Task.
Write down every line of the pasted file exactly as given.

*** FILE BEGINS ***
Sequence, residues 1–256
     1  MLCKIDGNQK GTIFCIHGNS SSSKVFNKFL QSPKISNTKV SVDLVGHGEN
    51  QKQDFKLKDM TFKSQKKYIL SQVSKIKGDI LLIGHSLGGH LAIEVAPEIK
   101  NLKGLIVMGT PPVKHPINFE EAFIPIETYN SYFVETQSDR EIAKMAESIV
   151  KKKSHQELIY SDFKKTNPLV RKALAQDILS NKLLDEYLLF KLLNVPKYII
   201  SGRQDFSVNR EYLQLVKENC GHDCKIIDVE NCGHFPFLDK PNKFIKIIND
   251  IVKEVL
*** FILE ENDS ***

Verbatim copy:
Sequence, residues 1–256
     1  MLCKIDGNQK GTIFCIHGNS SSSKVFNKFL QSPKISNTKV SVDLVGHGEN
    51  QKQDFKLKDM TFKSQKKYIL SQVSKIKGDI LLIGHSLGGH LAIEVAPEIK
   101  NLKGLIVMGT PPVKHPINFE EAFIPIETYN SYFVETQSDR EIAKMAESIV
   151  KKKSHQELIY SDFKKTNPLV RKALAQDILS NKLLDEYLLF KLLNVPKYII
   201  SGRQDFSVNR EYLQLVKENC GHDCKIIDVE NCGHFPFLDK PNKFIKIIND
   251  IVKEVL